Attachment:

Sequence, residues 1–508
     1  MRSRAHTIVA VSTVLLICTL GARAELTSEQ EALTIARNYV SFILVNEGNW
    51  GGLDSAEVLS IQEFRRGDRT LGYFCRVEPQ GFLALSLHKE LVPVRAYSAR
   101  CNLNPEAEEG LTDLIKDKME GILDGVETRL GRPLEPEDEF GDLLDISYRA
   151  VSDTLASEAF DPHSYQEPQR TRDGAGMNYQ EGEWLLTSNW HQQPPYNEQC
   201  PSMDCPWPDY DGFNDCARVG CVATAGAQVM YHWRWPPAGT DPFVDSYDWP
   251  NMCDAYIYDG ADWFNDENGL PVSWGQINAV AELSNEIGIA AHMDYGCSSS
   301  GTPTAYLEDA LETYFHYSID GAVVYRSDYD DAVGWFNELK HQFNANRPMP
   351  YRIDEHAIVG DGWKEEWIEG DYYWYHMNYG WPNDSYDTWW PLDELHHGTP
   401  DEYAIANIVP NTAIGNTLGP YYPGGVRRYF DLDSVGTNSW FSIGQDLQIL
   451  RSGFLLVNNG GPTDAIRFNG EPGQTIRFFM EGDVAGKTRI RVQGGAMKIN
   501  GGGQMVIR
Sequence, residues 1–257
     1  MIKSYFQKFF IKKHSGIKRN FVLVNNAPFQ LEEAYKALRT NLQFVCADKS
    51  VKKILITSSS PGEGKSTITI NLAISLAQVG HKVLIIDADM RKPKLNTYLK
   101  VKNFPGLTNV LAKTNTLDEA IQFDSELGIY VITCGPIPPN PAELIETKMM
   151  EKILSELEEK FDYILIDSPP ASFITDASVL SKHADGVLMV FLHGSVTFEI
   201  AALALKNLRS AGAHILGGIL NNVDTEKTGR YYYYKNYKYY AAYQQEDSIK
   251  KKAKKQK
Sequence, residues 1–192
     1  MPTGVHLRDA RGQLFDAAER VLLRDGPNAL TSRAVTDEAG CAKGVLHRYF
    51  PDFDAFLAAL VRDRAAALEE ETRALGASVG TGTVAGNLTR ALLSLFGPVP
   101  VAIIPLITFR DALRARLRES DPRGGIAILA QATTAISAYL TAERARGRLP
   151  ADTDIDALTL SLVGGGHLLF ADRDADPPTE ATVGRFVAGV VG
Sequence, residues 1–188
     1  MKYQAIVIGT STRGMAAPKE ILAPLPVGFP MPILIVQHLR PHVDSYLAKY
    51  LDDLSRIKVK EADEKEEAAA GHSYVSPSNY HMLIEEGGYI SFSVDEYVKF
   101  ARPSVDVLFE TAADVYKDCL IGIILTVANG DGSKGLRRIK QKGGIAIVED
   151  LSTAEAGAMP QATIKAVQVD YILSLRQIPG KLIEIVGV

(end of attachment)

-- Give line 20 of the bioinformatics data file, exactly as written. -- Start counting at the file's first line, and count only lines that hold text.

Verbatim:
Sequence, residues 1–192